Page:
The lighthearted tone of Richard Diamond was evident in the program’s weekly opening, which featured Powell whistling a jaunty “Leave It to Love.” Powell even reached back to his crooner origins and closed out each program with a song, serenading his character’s love interest, Helen Asher (played by radio stalwart Virginia Gregg, and later Francis Robinson). Helen was a wealthy redhead who resided in a Park Avenue penthouse apartment, and was catered to by a butler named Francis (also played by Herbert), who had an uncanny knack for killing the mood by walking in as the pair were just getting down to business, if you get my drift.

Sponsored at first by Rexall Drugs and later, Camel cigarettes and Prince Albert tobacco, Richard Diamond left NBC’s schedule in December 1950, resurfacing a month later on ABC in January 1951, and finally bowing out June 27, 1952. The show returned for a brief summer run in 1953 over ABC, although these shows consisted of repeat broadcasts from 1950. I had the opportunity to listen to a pair of episodes from 1949 last night at work—in “The Gibson Murder Case” (10/08/49), a blonde schoolteacher contacts Diamond for help after she stumbles across a corpse left there by a pail of blackmailers. The second show is from the following week (October 15), and finds our hero going after a counterfeiter after he passes a phony five-dollar bill to Diamond’s paperboy pal.

Dick Powell’s movie career included work behind the camera; the actor directed such films as Split Second (1953, a particular B-movie fave of mine) and The Enemy Below (1957). He also dabbled in television, creating a company known as Four Star Productions, which brought forth such TV favorites as Four Star Playhouse (1952-56) and Zane Grey Theater (1956-61). Powell brought Richard Diamond, Private Detective to the tube, in a 1957-60 series that bore no resemblance at all to its radio namesake (David Janssen played the title role). During its sporadic run, Diamond started out as a New York shamus but by February 1959 he relocated to Hollywood—and the change in climate apparently did him some good, since he acquired a girlfriend in Karen Wells (played by future Mission: Impossible star Barbara Bain) and an answering service operator in “Sam,” a sultry-voiced, leggy gal (her face was never shown) who was played by an at-that-time-unknown Mary Tyler Moore. I have one of the early Diamond TV shows from 1957; a ho-hummer called “Picture of Fear” (which sounds like a Barnaby Jones episode, doesn’t it?). Perhaps I'm being a bit too hasty after sampling only one episode, but all I know is after seeing it I now know why Janssen became a fugitive.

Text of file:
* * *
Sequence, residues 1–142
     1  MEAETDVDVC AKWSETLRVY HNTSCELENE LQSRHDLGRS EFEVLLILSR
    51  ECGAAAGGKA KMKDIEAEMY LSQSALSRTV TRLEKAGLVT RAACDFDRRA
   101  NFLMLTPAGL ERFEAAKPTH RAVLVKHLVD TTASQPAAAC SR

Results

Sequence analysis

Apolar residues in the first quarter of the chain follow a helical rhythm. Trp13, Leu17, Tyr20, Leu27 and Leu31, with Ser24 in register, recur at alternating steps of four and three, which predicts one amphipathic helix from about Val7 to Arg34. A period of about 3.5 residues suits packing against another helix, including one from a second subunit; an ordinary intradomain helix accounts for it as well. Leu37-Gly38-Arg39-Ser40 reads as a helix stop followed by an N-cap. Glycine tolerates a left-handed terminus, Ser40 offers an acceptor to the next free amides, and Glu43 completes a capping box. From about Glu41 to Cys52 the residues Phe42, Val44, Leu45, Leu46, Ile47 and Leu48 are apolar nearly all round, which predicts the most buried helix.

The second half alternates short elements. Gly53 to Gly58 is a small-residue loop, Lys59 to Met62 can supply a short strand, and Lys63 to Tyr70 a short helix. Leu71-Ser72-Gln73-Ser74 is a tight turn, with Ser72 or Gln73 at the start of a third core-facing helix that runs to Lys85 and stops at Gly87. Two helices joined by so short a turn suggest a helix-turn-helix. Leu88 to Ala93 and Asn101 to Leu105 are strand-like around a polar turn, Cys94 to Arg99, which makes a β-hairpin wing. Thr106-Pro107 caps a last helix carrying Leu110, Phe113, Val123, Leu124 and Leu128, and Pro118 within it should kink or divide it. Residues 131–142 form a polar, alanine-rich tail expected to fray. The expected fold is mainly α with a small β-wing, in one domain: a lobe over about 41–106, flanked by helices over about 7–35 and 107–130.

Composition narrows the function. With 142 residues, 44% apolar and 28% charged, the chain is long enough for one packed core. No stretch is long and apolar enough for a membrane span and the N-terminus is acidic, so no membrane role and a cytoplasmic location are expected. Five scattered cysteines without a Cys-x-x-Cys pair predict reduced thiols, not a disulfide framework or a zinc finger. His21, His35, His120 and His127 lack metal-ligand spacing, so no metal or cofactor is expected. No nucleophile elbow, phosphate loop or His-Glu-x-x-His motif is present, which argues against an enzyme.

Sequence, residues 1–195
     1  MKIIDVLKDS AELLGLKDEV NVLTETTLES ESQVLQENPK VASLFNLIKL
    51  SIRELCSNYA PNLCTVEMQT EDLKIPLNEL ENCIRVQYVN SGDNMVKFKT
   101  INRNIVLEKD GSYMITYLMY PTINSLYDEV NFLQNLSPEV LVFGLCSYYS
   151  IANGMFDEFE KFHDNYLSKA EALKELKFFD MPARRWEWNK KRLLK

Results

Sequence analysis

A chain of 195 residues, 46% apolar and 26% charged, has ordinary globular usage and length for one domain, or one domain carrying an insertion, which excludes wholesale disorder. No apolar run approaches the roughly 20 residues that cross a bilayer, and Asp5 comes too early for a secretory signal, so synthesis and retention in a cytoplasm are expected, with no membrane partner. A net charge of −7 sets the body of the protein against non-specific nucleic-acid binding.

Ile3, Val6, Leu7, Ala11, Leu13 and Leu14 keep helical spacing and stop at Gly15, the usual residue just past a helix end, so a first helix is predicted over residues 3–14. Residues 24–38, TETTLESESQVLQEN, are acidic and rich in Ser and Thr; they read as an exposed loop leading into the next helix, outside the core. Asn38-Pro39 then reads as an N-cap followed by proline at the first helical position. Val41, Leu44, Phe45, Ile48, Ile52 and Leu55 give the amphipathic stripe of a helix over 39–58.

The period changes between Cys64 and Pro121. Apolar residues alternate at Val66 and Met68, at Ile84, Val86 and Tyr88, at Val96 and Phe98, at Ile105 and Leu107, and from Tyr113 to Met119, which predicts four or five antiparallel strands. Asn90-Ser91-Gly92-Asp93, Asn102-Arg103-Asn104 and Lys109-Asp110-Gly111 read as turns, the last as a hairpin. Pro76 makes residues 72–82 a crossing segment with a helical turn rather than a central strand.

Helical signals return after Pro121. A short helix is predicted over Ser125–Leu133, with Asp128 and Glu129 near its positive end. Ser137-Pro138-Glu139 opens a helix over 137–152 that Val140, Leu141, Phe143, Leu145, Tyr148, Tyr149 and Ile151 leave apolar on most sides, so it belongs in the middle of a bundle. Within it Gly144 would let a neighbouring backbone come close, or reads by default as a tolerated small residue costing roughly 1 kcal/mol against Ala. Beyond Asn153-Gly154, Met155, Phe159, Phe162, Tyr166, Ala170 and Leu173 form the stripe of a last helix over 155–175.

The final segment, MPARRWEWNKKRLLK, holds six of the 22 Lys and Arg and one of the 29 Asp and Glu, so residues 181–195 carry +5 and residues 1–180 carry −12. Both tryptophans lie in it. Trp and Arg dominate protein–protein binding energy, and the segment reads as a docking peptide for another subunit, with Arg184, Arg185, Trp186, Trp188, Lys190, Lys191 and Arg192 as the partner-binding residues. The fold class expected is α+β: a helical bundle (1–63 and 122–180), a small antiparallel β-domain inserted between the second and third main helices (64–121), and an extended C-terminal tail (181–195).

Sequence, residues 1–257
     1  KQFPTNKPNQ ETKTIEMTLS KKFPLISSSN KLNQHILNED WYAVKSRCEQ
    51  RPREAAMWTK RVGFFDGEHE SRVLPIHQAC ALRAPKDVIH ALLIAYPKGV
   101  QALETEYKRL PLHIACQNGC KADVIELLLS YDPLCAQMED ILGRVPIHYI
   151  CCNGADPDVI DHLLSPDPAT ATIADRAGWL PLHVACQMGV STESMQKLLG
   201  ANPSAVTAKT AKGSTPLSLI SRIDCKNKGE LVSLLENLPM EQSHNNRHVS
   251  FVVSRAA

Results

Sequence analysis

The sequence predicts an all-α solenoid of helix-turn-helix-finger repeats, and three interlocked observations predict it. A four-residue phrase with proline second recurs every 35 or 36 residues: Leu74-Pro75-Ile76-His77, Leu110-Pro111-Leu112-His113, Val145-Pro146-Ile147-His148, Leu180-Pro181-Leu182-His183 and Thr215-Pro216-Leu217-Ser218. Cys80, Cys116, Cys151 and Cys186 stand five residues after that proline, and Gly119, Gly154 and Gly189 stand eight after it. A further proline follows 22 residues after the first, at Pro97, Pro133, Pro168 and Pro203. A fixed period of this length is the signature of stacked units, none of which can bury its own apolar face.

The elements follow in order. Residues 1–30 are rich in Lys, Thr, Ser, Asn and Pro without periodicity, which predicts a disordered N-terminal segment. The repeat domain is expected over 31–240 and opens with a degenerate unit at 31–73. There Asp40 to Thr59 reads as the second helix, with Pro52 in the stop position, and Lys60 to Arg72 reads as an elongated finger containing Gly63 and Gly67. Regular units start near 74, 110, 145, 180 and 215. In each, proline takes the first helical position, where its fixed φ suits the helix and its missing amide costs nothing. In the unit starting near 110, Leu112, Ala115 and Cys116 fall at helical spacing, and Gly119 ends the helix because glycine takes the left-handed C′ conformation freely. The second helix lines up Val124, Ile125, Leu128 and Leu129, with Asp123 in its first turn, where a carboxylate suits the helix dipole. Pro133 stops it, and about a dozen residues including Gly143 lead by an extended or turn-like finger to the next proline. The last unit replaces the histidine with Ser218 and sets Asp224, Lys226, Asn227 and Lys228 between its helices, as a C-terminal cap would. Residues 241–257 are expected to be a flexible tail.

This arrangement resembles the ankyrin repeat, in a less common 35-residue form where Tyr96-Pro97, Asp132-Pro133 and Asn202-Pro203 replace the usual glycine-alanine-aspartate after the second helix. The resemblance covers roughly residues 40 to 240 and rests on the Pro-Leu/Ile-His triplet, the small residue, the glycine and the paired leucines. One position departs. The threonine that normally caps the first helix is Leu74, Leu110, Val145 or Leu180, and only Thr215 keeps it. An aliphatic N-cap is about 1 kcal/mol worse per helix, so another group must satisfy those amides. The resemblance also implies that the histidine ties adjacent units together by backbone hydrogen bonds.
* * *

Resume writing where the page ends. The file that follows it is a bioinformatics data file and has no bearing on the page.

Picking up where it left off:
No comments:

Post a Comment